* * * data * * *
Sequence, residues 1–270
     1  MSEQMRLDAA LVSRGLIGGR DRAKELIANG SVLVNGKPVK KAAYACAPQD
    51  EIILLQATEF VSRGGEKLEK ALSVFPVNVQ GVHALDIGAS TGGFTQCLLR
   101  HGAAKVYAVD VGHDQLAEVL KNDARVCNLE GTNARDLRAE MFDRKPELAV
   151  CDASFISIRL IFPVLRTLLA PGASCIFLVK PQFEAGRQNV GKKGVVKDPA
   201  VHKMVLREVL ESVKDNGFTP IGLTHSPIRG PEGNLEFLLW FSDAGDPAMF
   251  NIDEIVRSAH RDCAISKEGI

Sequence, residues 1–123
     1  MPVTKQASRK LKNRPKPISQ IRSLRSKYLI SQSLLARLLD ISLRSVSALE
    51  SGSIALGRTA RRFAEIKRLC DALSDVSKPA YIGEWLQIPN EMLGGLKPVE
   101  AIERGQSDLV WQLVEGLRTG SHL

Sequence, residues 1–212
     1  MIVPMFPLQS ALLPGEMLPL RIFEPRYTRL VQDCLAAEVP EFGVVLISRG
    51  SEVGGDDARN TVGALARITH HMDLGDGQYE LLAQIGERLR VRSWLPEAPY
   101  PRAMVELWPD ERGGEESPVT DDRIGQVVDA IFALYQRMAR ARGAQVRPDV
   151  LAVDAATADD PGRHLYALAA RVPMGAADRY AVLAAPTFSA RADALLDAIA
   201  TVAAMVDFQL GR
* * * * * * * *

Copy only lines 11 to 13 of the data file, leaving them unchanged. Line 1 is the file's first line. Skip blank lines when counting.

   101  AIERGQSDLV WQLVEGLRTG SHL

Sequence, residues 1–212
     1  MIVPMFPLQS ALLPGEMLPL RIFEPRYTRL VQDCLAAEVP EFGVVLISRG